The place beyond tired: demystifying adrenal fatigue

Ever been to that place beyond tired? Not just after a long day, but a place of deep exhaustion for weeks on end. A place where a third cup of coffee by noon is not enough, the simplest of tasks seem mammoth and you need a hit of sugar before you even consider doing a workout.

I arrived at that place early last year. I had simply done too much, of everything, for too long. Every month there was a new challenge – physical and emotional. I ran back-to-back ultra-marathons and was knee-deep in my business with demanding deadlines. And for a while, I smiled and kept it up. I prided myself in overcoming my limits.

Until I found them, and they hit me hard.

Adrenal fatigue

Newsflash: we all have limits. They rest in two small hormonal glands, triangular in shape, around five centimeters wide by two centimeters high which sit above our kidneys. They’re called our adrenal glands.

Our adrenal system, made up of the adrenal cortex and the adrenal medulla, forms an incredible part of our human machinery. These two parts perform different but vital functions: the adrenal cortex produces cortisol which regulates our metabolism and responds to stress, as well as aldosterone, which helps control our blood pressure, while the adrenal medulla produces adrenaline which responds to stress – otherwise known as our “fight or flight response.”

As cavemen and women we tapped into this function so, for example, after an unsuccessful day out hunting we could still summons the energy for that last kill to feed ourselves, even when we had nothing left. But back then we got “stressed” maybe once or twice a week.

Today our stress responses are triggered all the time. We don’t get enough sleep, we miss the bus, we get a stressful call from a client, we do a hard workout, we drink too much. The list goes on and multiplies. We call on this vital piece of machinery constantly. Our adrenals (or more accurately, the entire hypothalamic–pituitary–adrenal axis) are more stressed now than ever.

Understanding the causes of adrenal fatigue

Not all stress is bad. Stress affects our hormonal, neuro­chemical, nervous systems, muscular and energy producing systems differently. Some stress is positive, causing the system to compensate and adapt while other types, amounts or combinations of stress, flood our system and overload our adrenals.

Take the example of a hard workout: for some, this might cause a stress response in the body which causes the muscles and cardiovascular system to strengthen, making us stronger and fitter in preparation for our next challenge. For others, combined with a sleepless night, a sniffle, a stressful workload or a business trip, and such a workout may actually overload our systems, doing more harm than good.

It’s not just about one stressor, but the sheer magnitude and consistency of stressors in our life over a prolonged period: inadequate or unrestful sleep, a compromised immune system, environmental pollution (including light pollution), lowered nutritional intake, emotional and psychological stress, as well as physiological stress from exercise, to name just a few.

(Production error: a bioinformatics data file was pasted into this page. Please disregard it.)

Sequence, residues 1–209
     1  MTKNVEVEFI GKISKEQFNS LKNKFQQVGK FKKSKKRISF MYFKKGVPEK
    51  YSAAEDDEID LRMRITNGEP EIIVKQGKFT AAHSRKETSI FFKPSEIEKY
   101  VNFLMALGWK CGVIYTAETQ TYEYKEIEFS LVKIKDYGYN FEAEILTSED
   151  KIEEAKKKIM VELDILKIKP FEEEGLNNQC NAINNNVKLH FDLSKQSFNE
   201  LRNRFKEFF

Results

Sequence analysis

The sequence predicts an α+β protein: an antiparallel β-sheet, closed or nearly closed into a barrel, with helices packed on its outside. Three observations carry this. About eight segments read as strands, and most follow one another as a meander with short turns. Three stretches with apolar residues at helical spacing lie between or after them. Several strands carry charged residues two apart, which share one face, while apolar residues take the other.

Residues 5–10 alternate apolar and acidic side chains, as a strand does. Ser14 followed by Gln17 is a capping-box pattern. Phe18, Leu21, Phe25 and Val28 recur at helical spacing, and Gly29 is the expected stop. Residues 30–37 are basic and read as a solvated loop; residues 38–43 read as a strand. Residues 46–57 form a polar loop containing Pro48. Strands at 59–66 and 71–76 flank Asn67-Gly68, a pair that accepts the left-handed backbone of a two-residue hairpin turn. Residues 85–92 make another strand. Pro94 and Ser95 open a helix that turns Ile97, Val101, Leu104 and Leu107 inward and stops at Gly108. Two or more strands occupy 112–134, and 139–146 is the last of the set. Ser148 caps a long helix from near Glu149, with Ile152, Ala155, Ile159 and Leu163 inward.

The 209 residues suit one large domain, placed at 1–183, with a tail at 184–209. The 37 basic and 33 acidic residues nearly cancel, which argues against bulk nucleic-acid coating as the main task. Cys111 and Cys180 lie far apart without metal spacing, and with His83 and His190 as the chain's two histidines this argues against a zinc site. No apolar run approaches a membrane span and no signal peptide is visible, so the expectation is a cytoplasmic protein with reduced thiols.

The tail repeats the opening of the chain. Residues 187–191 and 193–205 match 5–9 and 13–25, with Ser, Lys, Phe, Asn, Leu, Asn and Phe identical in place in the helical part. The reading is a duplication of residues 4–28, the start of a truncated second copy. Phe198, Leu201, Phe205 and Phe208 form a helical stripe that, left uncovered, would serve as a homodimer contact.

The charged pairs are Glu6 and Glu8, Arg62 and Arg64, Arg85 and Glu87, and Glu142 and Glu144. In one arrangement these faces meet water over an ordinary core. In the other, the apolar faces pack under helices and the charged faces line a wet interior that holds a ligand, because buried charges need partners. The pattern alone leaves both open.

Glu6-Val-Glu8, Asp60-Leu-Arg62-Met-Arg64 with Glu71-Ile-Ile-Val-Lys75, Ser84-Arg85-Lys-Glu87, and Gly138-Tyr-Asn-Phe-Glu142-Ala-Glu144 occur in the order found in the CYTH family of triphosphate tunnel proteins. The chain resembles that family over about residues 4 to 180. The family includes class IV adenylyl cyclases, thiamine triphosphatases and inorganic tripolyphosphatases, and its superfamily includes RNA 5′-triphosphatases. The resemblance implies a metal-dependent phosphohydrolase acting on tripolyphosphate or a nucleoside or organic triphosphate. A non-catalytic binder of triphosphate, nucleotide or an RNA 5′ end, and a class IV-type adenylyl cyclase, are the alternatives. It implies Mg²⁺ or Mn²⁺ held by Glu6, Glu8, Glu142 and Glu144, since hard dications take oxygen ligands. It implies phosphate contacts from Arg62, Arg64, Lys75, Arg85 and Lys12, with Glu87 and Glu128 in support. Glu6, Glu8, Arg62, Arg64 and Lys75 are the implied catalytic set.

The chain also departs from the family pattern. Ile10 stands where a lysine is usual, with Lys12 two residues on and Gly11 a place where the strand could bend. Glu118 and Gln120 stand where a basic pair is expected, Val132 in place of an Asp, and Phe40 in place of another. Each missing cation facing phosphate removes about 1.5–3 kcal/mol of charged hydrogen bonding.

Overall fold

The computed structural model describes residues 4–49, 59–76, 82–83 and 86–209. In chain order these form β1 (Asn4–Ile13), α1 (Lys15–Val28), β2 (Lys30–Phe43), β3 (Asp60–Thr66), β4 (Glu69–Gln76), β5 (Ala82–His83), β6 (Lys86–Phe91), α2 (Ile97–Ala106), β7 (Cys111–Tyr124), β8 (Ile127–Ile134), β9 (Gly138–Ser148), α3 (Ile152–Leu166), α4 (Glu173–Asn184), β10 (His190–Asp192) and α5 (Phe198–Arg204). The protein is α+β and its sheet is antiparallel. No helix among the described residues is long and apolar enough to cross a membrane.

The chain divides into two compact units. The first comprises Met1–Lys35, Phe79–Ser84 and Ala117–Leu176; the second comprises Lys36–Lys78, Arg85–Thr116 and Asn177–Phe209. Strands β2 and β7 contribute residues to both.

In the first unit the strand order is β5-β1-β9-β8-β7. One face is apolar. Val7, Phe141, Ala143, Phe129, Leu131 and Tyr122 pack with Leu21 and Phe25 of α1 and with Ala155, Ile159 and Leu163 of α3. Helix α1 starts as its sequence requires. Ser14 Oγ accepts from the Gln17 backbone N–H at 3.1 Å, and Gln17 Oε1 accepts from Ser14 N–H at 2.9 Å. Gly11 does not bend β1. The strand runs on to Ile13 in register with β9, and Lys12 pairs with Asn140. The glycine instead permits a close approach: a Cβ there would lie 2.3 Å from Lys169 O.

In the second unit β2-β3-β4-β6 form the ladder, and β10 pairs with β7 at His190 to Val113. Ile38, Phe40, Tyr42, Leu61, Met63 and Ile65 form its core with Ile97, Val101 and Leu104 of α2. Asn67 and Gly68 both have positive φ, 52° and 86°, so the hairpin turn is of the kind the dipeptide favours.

Simply put, we have only a certain amount of ‘stress’ that our physiology can buffer. That amount is different in different people, due to their genetics, the environment, their ability to manage stress or recovery psychologically, their nutritional intake and their life practices.

It’s not just about one stressor, but the sheer magnitude and consistency of stressors in our life over a prolonged period… Simply put, we have only a certain amount of ‘stress’ that our physiology can buffer.

There is no one cause or formula that will lead to adrenal fatigue. But what we do know is that it occurs where there is a complete overwhelming of the stress managers on an individual’s body. When this happens, the adrenal system stops functioning like it should; it gives up.

Avoiding the deep fatigue

As women and mothers, doing too much is simply what we do. But don’t worry — simply doing too much won’t bring on adrenal fatigue. It is a complicated syndrome. The point that experts in the field make is that doing too much, all the time, and never finding time for rest and renewal, can send you down a path of self-destruction.

Stress is inevitable, but what stress can you avoid or minimize? What can you push back on? Where can you delegate and ask for more help? Is what you are doing, eating and practicing now nourishing you, or taking from you? And how can you best manage the stress that you can avoid?

Stress is inevitable, but what stress can you avoid or minimize? What can you push back on?

Taking time to pause gives us an opportunity to listen to our bodies. When you feel like it’s all too much, realize that it really is possible to overdo it, and do what you need to do to pull back.

My recovery took months, not weeks. It required a complete break from an overtaxing physical routine for several weeks before easing back into it. I quit coffee and avoided other stimulants like sugar and alcohol. I also overhauled my diet and incorporated supplements to nourish my system.

More than anything, recovery required a shift in perspective and a change in approach. Rather than oscillating between overindulgence and compensating with overexertion, I now have a more sensible training regime which invigorates and rejuvenates, rather than exhausts me. I’ve learned to say no. I make less plans. And I’ve finally worked out how to enjoy time on the couch, rather than feeling the need to do something.

Ultimately, I finally put me, my body and my health first and stopped fighting the urge to do everything, all the time.

Does this all sound too familiar? Perhaps it’s time to pause, take a deep breath, and put you first too.


 

Photo: Björn Bechstein/Flickr (Used under the Creative Commons Attribution License.)